Future of the Environment

Why we need to track the world’s electronic waste

Kees Baldé
Consultant, United Nations University
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We can all relate to how electronic and electrical equipment (EEE) takes up more and more room in our homes and offices. And as the lifespan of EEE such as computers, smartphones, routers, and monitors shortens, this leads to unsightly piles of barely used, broken, or obsolete equipment.

Eventually these once pricey and “in-demand” EEE get handed over to electronic waste (e-waste) haulers.

The United Nations University (UNU) calculates that about 46 million tons of e-waste was generated globally in 2014,according to a recent study. Although these devices are an essential part of our daily modern life, the societal impact of e-waste can be severe if the e-waste is not managed according to proper waste management standards.

​For example, if the e-waste is treated without the necessary care, the e-waste handlers – and in the developing world, this would be working women and children – are exposed to toxic substances.

In Africa and Asia, there are many examples of large e-waste dumpsites, but from where and how exactly the e-waste gets there, is not officially documented. In developed countries, large flows of undocumented e-waste may be treated or processed with inferior standards.

Needless to say, the environment is also adversely affected.

While this is a growing problem on a global scale, individual countries do not have a uniform measurement or an indicator for e-waste. However, a number of both developed and developing countries have already started to collect substantial data that relate to e-waste statistics.

In an effort to set uniformity and cross-country data standards, the UNU recently announced a measurement framework that was proposed by the Partnership on Measuring Information Communications and Technology (ICT) for Development. Partnership members include the International Telecommunications Union (ITU), the United Nations Conference on Trade and Development (UNCTAD), the World Bank Group, among others.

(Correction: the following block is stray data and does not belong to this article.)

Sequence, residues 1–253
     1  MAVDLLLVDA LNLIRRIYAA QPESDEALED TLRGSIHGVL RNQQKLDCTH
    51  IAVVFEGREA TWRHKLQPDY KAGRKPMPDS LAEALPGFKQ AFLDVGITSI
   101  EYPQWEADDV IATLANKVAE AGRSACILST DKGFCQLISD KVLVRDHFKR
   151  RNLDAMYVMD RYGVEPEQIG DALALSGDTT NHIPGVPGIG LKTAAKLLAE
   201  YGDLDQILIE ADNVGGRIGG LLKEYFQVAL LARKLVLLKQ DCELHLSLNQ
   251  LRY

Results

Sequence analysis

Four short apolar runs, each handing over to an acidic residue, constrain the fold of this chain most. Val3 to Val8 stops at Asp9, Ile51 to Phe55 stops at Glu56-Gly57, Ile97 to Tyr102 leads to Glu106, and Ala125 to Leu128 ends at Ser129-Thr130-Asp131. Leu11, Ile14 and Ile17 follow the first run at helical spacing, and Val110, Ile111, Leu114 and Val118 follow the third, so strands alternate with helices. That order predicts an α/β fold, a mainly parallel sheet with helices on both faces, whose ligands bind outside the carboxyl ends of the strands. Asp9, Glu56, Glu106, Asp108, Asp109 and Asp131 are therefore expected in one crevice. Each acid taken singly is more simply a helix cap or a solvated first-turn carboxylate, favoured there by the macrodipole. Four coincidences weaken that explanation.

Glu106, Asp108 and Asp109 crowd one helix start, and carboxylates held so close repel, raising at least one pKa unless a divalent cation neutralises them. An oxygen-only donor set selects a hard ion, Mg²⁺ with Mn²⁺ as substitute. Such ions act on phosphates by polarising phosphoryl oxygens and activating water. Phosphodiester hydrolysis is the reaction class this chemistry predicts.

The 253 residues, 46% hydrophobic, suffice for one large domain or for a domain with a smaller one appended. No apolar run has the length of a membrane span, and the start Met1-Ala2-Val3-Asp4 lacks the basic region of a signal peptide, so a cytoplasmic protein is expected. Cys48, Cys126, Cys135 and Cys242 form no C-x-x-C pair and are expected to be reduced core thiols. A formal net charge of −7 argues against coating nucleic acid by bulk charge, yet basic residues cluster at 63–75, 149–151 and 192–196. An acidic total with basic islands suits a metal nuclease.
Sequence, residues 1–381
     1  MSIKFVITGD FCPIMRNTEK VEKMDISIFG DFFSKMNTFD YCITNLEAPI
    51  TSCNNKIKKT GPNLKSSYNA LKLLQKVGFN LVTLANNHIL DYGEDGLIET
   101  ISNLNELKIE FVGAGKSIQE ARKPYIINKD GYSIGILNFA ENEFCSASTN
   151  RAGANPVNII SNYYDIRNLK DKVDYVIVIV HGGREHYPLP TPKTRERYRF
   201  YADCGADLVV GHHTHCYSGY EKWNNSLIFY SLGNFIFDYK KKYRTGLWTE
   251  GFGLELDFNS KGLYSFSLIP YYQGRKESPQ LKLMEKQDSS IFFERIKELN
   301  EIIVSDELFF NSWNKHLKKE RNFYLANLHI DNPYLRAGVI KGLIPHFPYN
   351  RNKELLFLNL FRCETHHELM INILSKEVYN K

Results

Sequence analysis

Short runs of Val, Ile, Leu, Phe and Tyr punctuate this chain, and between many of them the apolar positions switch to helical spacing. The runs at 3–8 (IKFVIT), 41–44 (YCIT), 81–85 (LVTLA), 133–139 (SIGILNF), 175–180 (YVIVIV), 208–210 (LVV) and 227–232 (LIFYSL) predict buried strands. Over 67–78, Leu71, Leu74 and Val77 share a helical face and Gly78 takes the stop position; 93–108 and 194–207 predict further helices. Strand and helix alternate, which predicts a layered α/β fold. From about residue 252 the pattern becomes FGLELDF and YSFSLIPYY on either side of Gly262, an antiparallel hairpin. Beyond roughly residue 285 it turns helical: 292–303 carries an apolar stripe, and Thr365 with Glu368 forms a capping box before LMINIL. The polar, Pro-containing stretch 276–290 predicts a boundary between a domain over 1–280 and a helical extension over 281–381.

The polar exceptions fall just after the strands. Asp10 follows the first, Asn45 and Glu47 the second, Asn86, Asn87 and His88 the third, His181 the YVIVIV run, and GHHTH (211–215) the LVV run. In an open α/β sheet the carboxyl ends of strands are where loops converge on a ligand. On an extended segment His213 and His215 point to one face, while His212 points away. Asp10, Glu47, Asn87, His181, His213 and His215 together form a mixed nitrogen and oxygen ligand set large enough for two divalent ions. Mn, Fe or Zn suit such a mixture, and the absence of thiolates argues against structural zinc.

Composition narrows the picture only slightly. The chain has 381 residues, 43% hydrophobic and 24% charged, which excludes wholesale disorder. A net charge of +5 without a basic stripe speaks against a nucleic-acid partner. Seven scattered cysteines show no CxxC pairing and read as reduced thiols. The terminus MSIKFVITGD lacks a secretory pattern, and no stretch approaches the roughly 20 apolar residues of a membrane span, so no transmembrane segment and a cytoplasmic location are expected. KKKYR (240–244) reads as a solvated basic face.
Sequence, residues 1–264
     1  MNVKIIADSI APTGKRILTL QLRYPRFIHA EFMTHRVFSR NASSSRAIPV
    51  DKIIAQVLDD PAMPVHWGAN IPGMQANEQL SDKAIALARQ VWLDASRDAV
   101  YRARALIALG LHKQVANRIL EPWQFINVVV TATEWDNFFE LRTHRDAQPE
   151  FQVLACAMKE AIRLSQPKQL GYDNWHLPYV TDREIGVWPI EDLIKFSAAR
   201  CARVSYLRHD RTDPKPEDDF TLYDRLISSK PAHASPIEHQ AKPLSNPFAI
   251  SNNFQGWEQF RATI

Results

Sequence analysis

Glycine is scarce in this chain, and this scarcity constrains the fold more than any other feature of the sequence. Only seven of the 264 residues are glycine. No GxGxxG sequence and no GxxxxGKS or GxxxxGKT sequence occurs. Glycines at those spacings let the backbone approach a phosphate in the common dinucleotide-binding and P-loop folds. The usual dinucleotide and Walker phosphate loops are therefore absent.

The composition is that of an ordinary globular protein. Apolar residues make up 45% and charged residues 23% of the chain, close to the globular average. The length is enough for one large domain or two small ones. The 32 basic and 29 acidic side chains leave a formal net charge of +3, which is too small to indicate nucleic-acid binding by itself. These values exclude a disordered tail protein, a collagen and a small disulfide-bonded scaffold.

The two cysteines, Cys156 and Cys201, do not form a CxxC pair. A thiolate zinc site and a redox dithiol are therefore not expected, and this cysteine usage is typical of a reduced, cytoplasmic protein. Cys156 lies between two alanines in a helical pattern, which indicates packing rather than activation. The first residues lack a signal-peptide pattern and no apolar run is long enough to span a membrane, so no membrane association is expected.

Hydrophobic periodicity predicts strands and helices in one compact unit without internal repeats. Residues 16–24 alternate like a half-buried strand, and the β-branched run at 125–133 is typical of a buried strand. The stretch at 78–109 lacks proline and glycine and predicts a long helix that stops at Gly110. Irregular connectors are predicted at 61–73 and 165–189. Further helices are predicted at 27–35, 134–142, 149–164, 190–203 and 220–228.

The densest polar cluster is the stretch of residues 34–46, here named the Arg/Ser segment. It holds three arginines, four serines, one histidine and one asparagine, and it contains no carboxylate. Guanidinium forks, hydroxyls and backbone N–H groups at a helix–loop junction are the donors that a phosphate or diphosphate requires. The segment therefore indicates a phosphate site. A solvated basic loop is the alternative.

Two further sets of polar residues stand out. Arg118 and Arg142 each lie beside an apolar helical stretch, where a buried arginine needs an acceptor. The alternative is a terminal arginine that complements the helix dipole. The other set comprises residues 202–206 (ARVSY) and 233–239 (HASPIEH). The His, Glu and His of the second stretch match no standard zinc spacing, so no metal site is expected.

This partnership/UNU-led task group is currently working on integrating and validating harmonized statistical data and other non-statistical data sources into e-waste statistics. The framework captures the most important elements of e-waste disposal scenarios around the world. A full overview of partnership’s methodology can be found in theseguidelines.

Although the classification of e-waste is, at this stage, standalone, it links to multiple data sources and data formats, such as the Harmonized Commodity Description and Coding System (HS) and the European Union Waste of Electric and Electronic Equipment (EU WEEE) Directive reporting.

The parameters in the measurement framework and the classification function serve as a backbone for data gathering and thus enable the measurement of these flows.

The above flow chart outlines the lifespan of electronic and electrical equipment – from sales to the four e-waste collection scenarios.

These e-waste indicators would be able to provide a useful overview of a specific country’s electronic and electrical products market. For policymakers, the indicators would provide key data on expanding e-waste figures and insightful trends on e-waste’s environmental impact.

This article is published in collaboration with The World Bank’s Open Data Blog. Publication does not imply endorsement of views by the World Economic Forum.

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Author: Kees Baldé is a consultant at the United Nations University. Ruediger Kuehr is the Head of the United Nations University’s Institute for the Advanced Study of Sustainability’s.

Image: Mobile phone key pads are piled up. REUTERS/Yuriko Nakao. 

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Future of the EnvironmentGlobal Governance
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